Doctors’ surgeries across Barnet will struggle to cope when they are “forced” to open seven days a week, say campaigners.
The campaigners, from the Barnet NHS Needs You campaign, are calling for the public to be consulted on whether they even want the seven-day service, which will become standard from April under new government rules.
And they say Barnet has not been allocated enough funds to pay for the service in comparison with neighbouring London boroughs.
They have highlighted figures which show Barnet’s Clinical Commissioning Group (CCG), which funds GPs, has only received £725,000 from the NHS GP Access Fund, which amounts to £1.90 per person. That compares to Enfield which has received £1.8m (£4.75 per person) and Harringey which has received £1.3m (£3.78 per person).Islington gets more than three times as much as Barnet with £5.84 per person.
Ironically, the seven-day service in Barnet could make it more difficult for patients to get a GP appointment as surgeries become even more stretched, it is claimed.
Dr Claire Mitchell, a GP who lives in East Finchley, said: “Forcing practices to open longer may well reduce availability of GPs at times of peak demand during the week, when most patients actually want to be seen.”
In other parts of the country, GPs have given up on Sunday opening because there wasn’t enough demand, say campaigners.
Campaign spokesman, Councillor Phil Cohen, said: "Taxpayers money is being spent on this even though no one has asked patients in Barnet if they want to go to the GP on Saturdays and Sundays.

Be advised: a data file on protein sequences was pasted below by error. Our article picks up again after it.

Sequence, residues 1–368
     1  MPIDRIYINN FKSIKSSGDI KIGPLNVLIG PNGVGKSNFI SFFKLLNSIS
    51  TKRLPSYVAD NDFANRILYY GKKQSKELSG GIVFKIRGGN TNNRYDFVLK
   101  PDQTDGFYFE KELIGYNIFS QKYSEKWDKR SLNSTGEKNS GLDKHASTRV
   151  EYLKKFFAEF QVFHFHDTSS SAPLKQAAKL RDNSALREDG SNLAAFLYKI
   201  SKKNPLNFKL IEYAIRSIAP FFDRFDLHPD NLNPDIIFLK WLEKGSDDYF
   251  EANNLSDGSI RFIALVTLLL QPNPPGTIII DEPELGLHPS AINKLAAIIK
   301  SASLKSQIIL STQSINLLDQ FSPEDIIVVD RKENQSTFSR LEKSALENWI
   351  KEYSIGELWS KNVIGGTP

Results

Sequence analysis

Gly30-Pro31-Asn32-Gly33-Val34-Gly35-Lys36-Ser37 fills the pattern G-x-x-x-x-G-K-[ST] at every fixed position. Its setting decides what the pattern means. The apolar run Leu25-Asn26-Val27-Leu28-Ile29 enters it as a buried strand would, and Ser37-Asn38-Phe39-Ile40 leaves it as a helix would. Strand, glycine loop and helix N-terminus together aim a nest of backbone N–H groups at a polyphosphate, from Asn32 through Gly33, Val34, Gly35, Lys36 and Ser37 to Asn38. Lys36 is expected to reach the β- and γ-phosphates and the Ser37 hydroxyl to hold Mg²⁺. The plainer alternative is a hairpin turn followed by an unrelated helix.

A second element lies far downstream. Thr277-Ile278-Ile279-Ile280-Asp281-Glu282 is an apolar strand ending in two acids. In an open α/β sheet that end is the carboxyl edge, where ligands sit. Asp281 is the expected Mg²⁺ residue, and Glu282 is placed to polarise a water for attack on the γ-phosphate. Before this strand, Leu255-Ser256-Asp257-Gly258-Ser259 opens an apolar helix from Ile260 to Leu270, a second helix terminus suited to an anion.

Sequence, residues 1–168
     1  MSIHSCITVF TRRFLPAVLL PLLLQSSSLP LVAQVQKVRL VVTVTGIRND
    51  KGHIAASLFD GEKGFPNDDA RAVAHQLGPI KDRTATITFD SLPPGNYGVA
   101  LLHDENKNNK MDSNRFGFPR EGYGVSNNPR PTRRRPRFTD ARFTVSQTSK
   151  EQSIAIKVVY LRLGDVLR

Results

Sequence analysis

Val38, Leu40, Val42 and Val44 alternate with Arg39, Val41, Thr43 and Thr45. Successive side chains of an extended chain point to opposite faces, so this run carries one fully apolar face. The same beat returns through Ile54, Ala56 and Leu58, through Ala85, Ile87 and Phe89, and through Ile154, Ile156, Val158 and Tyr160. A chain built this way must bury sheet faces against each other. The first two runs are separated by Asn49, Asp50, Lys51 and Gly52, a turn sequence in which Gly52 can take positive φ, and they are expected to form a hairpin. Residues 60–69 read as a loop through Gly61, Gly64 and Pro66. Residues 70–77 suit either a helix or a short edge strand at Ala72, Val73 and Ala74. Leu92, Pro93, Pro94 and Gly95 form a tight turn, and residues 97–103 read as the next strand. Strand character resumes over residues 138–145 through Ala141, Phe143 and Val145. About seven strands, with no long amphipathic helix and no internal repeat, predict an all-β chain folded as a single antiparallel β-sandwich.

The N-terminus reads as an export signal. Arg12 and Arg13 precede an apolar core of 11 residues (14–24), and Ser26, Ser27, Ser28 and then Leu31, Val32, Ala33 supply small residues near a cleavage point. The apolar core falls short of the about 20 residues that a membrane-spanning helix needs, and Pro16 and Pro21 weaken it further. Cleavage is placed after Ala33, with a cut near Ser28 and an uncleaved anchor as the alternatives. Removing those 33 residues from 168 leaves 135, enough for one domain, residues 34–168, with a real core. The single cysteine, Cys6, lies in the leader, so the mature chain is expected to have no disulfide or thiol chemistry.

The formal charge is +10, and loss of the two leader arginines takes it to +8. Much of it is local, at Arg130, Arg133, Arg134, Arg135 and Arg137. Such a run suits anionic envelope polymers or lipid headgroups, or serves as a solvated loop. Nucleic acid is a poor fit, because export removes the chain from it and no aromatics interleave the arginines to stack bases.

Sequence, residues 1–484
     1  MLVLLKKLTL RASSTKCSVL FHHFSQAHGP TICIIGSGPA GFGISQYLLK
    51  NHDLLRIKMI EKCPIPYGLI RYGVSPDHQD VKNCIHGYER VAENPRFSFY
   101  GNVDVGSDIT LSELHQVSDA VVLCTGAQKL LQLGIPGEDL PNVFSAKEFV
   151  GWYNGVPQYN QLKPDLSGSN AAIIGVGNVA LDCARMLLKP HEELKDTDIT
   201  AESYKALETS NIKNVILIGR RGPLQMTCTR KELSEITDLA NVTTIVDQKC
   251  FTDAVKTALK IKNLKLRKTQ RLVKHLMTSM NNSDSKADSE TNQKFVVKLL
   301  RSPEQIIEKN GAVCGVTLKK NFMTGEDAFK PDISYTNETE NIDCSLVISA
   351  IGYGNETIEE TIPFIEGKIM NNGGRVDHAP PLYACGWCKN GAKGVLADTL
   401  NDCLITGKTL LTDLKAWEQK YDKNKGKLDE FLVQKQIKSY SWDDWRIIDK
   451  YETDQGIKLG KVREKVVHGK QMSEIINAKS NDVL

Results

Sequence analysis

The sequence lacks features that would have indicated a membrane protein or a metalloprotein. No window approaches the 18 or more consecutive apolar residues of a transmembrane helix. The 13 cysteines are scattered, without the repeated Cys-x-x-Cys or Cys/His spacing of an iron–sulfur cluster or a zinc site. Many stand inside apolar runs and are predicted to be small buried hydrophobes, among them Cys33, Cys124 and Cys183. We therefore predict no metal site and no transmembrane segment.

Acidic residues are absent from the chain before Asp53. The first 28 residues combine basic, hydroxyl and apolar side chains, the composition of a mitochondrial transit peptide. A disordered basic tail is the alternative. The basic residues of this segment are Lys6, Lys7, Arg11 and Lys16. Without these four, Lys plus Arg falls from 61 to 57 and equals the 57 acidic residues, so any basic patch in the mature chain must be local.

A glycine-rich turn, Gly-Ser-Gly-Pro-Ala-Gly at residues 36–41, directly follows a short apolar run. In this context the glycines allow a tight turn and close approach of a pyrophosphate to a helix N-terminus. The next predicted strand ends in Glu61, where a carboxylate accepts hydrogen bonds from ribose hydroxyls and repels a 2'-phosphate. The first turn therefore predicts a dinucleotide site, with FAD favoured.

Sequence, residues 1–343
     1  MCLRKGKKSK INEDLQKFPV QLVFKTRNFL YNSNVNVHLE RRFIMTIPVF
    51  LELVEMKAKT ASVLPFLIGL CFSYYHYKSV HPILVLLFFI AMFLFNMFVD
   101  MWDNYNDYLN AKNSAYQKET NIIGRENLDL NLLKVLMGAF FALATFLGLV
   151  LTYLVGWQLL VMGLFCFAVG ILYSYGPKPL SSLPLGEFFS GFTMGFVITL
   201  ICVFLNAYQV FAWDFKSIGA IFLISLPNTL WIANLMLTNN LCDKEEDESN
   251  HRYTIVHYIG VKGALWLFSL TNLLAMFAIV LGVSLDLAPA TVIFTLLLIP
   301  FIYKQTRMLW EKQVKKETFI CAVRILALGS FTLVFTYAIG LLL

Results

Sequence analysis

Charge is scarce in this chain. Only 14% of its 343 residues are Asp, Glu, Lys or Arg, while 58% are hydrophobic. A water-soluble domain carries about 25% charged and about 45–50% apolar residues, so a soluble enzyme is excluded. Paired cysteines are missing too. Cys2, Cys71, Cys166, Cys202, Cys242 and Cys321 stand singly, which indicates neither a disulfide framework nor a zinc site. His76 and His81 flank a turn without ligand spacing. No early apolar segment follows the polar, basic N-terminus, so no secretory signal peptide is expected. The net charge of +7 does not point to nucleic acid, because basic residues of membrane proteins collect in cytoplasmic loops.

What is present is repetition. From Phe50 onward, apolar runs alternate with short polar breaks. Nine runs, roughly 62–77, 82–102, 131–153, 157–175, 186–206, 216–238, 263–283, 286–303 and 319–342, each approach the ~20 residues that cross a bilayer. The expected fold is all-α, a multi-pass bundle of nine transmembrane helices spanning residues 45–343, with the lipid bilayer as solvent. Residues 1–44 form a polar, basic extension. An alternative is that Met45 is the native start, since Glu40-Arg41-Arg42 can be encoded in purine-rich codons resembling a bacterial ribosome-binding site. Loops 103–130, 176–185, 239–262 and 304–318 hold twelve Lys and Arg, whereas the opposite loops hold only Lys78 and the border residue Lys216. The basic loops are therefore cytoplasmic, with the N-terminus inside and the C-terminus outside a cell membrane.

"There needs to be research with Barnet residents to find out if they want seven day opening. If they don’t, there are far better things the NHS can do with this money."
A spokeswoman for NHS England denied the weekend service was being “forced” on every GP practice, but that practices would work together to lessen the burden and provide the service from “hubs.”
She said GPs in Barnet were already delivering part of the extended service and therefore the cost from April would be less than for other boroughs which had not been delivering anything.
She said: “Comparing Barnet to other neighbouring areas or by population sizes does not take into consideration that different boroughs will be at different starting points for delivering extended access.
She added: “Extra capacity in the evening and weekends has been designed to relieve pressures during core hours to enable patients to find it easier to access an appointment."
As regards public engagement, the spokeswoman said there had already been “significant patient and stakeholder engagement, and all CCGs in London have signed up to delivering.”